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Idaho Seeking $2M Worth Of Project Ideas To Reduce Phosphorous In Lake Coeur d’Alene

Idaho News
By Samantha Wohlfeil, Inlander Idaho's Department of Environmental Quality will soon be awarding $2 million to projects that will reduce phosphorous on Coeur d'Alene Lake. The funding from the state is part of Gov. Brad Little's "Building Idaho's Future" plan. The projects are intended to prevent the lake from reaching a dangerous tipping point where heavy metal contamination that has mostly remained in sediments could become suspended in the water column due to a shift in the water chemistry. Like much of North Idaho, the lake faces issues with contamination deposited during decades of silver and lead mining in the region. To be eligible, projects must include on-the-ground reductions in phosphorous, be located in Idaho within the watersheds that drain into Coeur d'Alene Lake, and have community support. Projects on…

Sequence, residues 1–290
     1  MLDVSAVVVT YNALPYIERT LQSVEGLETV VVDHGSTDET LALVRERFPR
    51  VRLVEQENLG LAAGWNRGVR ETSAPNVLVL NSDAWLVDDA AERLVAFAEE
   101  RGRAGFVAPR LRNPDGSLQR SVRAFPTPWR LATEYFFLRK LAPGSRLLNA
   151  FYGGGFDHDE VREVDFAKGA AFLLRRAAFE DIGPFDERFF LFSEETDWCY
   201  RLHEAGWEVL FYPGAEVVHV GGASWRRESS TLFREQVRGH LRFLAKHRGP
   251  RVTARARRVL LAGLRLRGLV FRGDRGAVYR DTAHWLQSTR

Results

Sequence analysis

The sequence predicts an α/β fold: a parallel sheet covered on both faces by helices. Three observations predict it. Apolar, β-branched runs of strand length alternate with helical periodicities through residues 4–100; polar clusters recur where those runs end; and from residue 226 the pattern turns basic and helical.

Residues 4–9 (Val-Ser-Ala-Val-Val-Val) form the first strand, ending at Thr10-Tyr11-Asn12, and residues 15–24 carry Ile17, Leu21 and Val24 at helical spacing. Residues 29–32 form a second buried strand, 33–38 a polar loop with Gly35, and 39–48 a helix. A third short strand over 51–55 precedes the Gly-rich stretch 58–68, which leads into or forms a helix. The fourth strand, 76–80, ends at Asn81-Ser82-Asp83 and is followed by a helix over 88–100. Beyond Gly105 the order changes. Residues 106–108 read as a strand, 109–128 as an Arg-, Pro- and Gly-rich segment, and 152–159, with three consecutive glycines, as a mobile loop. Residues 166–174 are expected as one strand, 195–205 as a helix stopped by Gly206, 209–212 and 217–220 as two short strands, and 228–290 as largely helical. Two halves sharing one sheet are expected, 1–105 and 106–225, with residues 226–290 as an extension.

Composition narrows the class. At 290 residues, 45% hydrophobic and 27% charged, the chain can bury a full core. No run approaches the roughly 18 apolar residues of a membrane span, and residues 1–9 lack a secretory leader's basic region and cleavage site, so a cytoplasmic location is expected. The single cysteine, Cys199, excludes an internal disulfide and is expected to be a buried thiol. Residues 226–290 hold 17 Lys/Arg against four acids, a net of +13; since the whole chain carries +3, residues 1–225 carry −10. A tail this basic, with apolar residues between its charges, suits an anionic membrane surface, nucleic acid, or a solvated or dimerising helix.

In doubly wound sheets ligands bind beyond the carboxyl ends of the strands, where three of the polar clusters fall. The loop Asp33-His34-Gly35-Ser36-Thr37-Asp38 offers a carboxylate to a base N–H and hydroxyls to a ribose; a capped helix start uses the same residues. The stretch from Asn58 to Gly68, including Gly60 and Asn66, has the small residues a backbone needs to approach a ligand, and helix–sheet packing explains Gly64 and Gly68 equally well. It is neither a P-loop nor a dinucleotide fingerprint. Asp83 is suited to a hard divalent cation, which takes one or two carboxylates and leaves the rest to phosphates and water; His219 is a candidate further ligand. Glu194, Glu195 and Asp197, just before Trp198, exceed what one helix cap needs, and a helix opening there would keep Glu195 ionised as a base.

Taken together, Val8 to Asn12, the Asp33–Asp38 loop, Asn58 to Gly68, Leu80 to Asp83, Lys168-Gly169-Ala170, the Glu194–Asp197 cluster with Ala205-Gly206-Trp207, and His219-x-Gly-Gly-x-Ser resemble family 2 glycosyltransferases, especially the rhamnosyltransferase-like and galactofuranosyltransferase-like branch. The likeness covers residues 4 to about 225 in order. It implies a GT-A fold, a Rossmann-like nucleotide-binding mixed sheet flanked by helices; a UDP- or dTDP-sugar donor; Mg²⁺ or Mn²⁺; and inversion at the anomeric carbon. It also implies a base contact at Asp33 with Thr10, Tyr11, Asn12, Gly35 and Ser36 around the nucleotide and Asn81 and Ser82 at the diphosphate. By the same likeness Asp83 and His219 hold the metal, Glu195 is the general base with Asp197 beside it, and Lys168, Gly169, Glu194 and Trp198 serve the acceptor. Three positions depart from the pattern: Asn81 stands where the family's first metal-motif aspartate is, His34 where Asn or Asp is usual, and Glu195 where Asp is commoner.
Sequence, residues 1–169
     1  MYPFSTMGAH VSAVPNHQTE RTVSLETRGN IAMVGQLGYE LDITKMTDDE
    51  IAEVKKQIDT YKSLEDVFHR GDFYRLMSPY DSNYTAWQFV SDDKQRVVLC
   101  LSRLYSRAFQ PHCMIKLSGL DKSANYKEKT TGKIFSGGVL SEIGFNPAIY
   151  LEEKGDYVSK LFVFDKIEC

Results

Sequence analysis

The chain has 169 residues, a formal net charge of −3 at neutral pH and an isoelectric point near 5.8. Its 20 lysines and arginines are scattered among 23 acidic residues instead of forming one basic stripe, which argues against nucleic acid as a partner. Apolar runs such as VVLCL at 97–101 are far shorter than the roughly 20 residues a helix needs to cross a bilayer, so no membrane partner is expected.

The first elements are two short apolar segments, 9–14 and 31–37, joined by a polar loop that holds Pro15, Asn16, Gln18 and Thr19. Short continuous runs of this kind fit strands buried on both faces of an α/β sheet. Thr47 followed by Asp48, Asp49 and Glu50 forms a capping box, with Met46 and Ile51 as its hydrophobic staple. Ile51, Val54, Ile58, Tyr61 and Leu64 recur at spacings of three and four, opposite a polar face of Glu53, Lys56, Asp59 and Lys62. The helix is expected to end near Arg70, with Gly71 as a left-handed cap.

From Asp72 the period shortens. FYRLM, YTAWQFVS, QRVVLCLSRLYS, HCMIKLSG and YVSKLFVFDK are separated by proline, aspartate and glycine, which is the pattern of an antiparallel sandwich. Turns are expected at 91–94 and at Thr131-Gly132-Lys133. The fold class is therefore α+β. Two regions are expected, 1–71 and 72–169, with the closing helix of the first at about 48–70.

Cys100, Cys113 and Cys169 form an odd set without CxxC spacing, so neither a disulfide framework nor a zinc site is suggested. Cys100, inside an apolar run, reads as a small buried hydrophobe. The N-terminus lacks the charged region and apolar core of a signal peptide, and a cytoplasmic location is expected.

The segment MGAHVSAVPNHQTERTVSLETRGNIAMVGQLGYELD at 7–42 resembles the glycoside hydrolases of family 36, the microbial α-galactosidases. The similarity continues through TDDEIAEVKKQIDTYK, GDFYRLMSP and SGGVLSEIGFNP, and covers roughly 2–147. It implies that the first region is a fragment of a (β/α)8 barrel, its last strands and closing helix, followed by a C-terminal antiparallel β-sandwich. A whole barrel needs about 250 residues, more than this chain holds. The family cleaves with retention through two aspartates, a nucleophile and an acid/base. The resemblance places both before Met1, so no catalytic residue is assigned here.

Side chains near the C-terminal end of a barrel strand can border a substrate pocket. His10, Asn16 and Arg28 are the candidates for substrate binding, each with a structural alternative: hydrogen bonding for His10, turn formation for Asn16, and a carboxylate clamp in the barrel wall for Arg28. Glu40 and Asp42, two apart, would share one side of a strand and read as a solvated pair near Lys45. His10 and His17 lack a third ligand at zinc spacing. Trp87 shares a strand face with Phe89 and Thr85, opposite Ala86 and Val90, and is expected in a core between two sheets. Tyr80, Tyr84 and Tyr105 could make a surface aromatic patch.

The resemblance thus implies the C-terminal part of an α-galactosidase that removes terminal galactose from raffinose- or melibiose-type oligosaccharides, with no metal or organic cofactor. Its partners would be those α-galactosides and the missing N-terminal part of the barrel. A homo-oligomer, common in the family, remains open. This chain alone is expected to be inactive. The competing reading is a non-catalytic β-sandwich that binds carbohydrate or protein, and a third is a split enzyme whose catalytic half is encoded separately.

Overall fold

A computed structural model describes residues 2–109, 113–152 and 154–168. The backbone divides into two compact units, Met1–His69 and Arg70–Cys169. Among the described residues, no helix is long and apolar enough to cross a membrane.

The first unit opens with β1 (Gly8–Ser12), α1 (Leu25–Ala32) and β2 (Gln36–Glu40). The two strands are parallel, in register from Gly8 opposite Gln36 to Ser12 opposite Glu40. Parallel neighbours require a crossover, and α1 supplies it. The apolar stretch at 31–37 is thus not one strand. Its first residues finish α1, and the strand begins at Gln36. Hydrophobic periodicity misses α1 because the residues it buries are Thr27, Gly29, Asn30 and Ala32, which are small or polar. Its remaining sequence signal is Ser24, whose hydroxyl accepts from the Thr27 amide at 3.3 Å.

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Five Years After Water Rights Agreement, Idaho’s Largest Aquifer Is Improving

Idaho News
By Rachel Cohen, Boise State Public Radio News For decades, Idaho cities and farms have relied on the Eastern Snake Plain Aquifer. In the early 2000s, years of drought forced competing water users to come together. Five years into the compromise, officials say water levels are improving and that the system could provide some lessons for the West on managing declining aquifers. Underneath southern Idaho, stretching into eastern Idaho, lies a body of water the size of Lake Erie. Brian Patton, the Executive Officer of the Idaho Water Resource Board, calls it a “world-class aquifer.”  It supplies drinking water to about 300,000 people and irrigation water to more than 2 million agricultural acres, which, according to the water resource board, account for 20 to 30% of Idaho’s economic output. For 50…